hacks

Sands Hotel hacked earlier this year, brought system to its knees

Sands Hotel hacked earlier this year, brought system to its knees

A new report details a troubling assault on the Sands Hotel and Casino in Las Vegas, where a group of Iranians hacked the company’s internal system and brought it to its knees. An entire casino at the mercy of hackers, but it likely wasn’t for the reasons you’d think. No money was taken; instead, it was a digital offensive, possibly due to Sands CEO Sheldon Adelson’s remarks made late last year. A message left on the Sands’ server echoed as much, showing that political disagreements can have actual consequence outside of war.

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Sony Pictures hack may be about ‘The Interview’ after all

Sony Pictures hack may be about ‘The Interview’ after all

The hacking of Sony Pictures has yielded some interesting takeaways. We know a large studio is not safe from digital assault, and we’ve seen more than our fair share of details surrounding stars and their pay. Seeing film budgets is interesting, but we still haven’t been down to brass tacks. What’s this all about? Why hack Sony Pictures? Speculation about the incoming movie The Interview suggested a link to North Korea, who have since refuted that assertion. The hackers, though — their recent demands suggest North Korean ties.

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Sony PlayStation store was down last night; hackers to blame?

Sony PlayStation store was down last night; hackers to blame?

Overnight, Sony’s PlayStation store went down. For roughly two hours, the online portal for PlayStation users was unavailable, and a hacker conglomerate is taking responsibility. The Lizard Squad, which cryptically refer to themselves as “lizards” who “want to watch the world burn”, seem to be claiming responsibility for the disruption in service. In a Twitter post right around the same time as the PlayStation store went down, The Lizard Squad said “PSN Login #offline #LizardSquad”. Sony said they were aware of the service disruption, and are looking into it.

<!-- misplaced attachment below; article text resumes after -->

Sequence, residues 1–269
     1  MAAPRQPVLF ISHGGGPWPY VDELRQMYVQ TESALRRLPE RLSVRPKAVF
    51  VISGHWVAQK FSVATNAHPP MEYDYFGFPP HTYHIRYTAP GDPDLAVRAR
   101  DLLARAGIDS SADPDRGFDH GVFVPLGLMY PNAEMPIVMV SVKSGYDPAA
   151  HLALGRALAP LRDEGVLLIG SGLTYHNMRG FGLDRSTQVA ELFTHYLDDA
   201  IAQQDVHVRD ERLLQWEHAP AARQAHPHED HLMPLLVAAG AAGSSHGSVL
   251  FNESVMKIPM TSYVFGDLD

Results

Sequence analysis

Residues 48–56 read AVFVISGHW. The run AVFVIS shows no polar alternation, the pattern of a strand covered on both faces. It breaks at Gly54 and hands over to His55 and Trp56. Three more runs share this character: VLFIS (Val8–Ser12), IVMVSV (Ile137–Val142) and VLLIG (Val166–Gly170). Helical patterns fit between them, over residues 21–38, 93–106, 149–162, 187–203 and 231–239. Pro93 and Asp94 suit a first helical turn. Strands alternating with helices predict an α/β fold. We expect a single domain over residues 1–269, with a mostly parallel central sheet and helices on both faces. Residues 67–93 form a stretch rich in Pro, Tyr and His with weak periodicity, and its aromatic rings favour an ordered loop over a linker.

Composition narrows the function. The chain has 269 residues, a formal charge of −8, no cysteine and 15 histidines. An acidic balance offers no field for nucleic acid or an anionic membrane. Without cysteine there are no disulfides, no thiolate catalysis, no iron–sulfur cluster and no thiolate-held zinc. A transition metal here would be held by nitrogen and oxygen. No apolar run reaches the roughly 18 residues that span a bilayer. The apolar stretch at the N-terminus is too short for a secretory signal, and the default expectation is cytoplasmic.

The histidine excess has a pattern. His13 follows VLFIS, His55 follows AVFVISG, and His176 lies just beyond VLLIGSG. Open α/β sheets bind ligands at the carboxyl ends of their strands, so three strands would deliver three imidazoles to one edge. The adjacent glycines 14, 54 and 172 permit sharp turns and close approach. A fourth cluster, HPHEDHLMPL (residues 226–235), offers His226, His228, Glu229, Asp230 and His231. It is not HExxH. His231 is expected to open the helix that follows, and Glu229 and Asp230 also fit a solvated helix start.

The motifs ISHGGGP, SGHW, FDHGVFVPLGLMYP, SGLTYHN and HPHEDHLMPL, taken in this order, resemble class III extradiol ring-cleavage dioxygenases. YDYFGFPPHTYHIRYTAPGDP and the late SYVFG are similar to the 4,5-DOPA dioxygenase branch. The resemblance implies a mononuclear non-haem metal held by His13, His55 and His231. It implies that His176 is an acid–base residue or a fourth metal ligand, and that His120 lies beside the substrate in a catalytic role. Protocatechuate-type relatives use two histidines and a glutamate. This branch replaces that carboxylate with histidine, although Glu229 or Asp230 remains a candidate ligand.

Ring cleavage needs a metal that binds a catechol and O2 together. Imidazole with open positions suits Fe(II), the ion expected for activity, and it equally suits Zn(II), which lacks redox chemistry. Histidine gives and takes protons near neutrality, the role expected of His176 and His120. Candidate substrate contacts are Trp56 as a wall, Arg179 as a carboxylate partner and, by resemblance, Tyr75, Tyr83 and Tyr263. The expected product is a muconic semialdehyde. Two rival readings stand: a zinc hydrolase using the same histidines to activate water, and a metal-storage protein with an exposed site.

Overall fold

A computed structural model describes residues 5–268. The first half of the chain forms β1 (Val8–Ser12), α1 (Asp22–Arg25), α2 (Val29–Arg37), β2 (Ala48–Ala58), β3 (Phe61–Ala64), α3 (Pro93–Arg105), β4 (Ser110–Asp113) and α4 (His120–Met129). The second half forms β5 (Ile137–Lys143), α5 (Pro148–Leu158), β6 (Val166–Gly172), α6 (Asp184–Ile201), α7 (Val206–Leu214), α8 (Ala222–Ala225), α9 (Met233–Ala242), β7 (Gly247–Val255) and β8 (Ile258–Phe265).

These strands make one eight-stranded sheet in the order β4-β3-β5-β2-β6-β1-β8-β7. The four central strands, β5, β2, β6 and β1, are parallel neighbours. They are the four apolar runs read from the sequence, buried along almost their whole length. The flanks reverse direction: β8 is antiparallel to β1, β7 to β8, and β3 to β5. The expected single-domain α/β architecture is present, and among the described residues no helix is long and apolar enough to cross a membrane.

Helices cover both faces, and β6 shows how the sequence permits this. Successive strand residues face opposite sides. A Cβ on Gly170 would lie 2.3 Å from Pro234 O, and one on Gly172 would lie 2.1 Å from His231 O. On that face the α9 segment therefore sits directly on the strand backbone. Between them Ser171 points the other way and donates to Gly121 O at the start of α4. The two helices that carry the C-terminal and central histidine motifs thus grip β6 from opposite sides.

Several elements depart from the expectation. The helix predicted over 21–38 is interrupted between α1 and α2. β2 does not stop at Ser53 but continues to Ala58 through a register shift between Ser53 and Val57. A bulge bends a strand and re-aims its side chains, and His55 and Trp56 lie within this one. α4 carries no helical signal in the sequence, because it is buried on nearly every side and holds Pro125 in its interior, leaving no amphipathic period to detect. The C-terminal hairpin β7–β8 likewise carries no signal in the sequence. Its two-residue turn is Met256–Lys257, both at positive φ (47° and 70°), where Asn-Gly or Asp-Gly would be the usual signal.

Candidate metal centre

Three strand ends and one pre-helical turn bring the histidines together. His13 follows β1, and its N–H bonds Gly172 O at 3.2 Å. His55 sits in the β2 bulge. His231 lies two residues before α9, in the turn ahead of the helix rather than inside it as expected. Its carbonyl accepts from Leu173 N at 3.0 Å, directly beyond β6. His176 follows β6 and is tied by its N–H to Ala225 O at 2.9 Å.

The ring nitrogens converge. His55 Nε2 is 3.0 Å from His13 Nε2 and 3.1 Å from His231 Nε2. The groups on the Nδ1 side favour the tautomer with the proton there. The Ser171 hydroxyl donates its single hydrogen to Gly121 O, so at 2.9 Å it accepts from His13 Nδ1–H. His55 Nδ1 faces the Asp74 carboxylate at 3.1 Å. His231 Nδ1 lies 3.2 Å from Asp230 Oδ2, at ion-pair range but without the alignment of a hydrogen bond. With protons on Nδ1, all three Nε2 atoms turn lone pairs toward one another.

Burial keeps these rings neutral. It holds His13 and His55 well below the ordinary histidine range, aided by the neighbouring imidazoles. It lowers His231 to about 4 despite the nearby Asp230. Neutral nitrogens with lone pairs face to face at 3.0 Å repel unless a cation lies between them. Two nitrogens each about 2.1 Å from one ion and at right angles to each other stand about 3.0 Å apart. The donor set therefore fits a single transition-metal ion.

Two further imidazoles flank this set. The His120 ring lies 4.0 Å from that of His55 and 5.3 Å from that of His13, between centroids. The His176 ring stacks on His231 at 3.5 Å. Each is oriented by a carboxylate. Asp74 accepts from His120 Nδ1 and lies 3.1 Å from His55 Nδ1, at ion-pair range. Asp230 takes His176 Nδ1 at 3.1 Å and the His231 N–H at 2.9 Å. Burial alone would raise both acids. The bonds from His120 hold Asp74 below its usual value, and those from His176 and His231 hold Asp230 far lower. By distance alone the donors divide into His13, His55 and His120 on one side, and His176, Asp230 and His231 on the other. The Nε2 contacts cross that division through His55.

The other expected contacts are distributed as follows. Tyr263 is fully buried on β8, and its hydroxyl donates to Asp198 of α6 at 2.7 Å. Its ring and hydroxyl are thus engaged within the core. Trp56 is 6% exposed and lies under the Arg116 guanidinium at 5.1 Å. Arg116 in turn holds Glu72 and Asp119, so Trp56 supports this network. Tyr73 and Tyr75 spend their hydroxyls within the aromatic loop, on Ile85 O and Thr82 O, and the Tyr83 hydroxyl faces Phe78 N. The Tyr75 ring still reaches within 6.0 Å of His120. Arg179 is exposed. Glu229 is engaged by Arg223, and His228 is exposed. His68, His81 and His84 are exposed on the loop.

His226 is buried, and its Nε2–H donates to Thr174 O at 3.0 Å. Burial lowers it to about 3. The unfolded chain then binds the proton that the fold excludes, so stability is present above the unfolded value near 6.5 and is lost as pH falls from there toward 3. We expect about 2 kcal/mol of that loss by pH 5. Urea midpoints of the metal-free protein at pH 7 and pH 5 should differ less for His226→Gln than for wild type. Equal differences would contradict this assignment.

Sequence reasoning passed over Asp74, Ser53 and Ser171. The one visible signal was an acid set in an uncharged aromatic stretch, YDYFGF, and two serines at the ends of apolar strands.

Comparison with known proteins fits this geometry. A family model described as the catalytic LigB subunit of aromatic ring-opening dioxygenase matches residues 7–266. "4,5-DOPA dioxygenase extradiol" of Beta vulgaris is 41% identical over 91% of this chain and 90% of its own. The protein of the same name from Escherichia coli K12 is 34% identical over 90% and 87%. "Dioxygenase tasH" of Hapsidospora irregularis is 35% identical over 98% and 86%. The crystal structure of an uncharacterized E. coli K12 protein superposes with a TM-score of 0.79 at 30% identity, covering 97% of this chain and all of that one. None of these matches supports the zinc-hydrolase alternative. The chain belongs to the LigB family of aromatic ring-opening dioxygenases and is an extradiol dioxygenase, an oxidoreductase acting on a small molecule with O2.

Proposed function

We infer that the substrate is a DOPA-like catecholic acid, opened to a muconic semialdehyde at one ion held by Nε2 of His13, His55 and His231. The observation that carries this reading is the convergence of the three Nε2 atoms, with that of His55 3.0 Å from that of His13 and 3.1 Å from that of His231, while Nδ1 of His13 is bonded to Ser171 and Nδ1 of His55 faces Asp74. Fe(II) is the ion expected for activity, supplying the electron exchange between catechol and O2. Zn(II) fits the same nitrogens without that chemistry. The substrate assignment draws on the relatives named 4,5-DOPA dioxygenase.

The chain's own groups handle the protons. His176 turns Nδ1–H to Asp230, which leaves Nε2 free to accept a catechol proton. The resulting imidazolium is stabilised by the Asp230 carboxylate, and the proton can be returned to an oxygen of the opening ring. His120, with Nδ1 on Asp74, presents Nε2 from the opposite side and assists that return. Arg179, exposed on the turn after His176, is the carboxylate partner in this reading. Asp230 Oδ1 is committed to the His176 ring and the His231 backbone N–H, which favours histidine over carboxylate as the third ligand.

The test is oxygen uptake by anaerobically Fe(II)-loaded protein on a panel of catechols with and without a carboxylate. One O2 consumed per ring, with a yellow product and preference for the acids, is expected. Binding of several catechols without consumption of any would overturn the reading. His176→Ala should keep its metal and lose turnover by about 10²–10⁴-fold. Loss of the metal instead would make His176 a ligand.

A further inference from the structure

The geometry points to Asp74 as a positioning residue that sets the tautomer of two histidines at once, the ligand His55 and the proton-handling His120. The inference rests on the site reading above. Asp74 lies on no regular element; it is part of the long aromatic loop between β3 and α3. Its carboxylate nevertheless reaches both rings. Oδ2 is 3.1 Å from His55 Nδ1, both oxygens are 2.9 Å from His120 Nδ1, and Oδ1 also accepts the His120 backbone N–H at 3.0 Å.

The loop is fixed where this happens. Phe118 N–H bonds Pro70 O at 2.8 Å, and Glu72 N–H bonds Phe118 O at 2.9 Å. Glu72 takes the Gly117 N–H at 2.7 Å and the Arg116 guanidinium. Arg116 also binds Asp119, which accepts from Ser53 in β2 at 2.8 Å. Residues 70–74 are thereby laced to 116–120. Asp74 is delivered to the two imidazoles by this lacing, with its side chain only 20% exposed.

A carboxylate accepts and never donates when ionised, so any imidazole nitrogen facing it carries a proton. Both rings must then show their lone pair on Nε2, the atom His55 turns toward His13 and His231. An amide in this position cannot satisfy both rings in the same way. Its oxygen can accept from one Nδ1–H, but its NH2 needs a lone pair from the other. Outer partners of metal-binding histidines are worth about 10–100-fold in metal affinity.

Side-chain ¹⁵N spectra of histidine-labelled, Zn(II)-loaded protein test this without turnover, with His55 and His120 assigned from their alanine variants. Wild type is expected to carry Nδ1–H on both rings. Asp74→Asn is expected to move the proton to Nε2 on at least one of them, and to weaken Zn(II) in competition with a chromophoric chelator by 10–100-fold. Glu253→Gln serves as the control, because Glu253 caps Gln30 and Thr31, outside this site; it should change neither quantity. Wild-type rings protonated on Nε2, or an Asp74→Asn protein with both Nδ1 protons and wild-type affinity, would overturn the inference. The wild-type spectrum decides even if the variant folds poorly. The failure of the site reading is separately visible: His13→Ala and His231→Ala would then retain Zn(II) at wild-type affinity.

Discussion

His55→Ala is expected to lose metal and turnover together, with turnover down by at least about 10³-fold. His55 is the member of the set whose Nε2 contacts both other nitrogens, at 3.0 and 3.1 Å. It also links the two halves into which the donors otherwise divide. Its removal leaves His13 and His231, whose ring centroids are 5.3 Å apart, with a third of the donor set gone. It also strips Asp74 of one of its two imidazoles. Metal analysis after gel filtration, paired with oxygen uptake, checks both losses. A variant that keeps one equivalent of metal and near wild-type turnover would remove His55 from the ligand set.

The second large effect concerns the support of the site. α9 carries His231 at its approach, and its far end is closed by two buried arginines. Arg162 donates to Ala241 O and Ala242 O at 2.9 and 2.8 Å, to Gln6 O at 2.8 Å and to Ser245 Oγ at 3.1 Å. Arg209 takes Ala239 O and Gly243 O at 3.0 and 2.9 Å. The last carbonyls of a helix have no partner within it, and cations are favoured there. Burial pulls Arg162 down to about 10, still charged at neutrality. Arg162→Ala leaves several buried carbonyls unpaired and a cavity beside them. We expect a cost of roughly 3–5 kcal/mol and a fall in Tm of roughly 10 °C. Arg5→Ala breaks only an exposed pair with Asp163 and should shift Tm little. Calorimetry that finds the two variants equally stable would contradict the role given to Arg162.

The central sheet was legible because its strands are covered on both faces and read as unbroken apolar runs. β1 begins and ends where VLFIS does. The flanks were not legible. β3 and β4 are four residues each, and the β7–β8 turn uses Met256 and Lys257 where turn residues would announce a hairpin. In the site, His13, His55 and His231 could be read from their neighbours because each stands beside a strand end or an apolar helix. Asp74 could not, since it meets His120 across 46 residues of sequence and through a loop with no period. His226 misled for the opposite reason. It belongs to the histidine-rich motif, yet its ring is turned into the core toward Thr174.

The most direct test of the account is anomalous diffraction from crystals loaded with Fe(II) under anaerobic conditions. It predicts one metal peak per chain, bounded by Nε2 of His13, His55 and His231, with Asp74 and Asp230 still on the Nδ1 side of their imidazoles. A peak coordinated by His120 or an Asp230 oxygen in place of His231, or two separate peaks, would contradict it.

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Apple on Masque Attack: ‘just use the App Store’

Apple on Masque Attack: ‘just use the App Store’

Earlier this week, we told you about Masque Attack, which let hackers sideload apps onto your iDevices. Often without you even realizing it, an app was loaded, and scary people somewhere else could gain access to your information. The app loaded may not have even been the app you were looking for when you followed the link, either. Now, Apple has issued a response to the report. We gotta say, it’s about what you’d expect from Apple, and full of common sense, too.

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New ‘Masque Attack’ iOS phishing vulnerability sideloads apps

New ‘Masque Attack’ iOS phishing vulnerability sideloads apps

On the heels of WireLurker, a new iOS threat has been discovered. This one, called Masque attack, could be a lot more problematic, too. While the previously discovered WireLurker vulnerability required users to be tethered to a Mac before anything nefarious could happen, Masque Attack is one that occurs in-app. Discovered by security research firm FireEye, Masque Attack could pose a much bigger risk to anyone using apps that didn’t come pre-loaded on their iPhone, iPod, or iPad.

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Home Depot hack gets worse; email addresses stolen, too

Home Depot hack gets worse; email addresses stolen, too

If you were wondering how The Home Depot was hacked, we’ve got the gritty details. The Atlanta-based home improvement store says they fell victim to the same vulnerability Target did: a third-party vendor. A vendor/partner of The Home Depot was hacked, and their password stolen. From there, hackers went after the bigger fish in Home Depot. Originally thought to have compromised roughly 56 million credit card numbers, it seems about 53 million email addresses were pinched as well.

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Facebook proactively searching for compromised user data

Facebook proactively searching for compromised user data

We see it a lot lately — some hacker makes a big data grab, then dumps the info in a dark corner of the web. The most recent victim of polarizing headlines about compromised data has been Dropbox. While claiming the username/password combinations taken were dated, they still faced a lot of furrowed brows at the data grab. Securing your own servers is a smart measure, but Facebook — perhaps the biggest data fish in the sea — is taking it a step further, and has taken to hunting in the deep waters.

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Lawyer wants to sue Google over celeb photo hack

Lawyer wants to sue Google over celeb photo hack

With the recent celebrity photo hacking scandal, iCloud was quickly pointed to as a reason for us seeing far too much of those affected. Apple was quick to respond by pointing out the breach occurred by brute force, and not as a result of their lax security. Now, a lawyer representing some of the celebrities affected, is suing Google.

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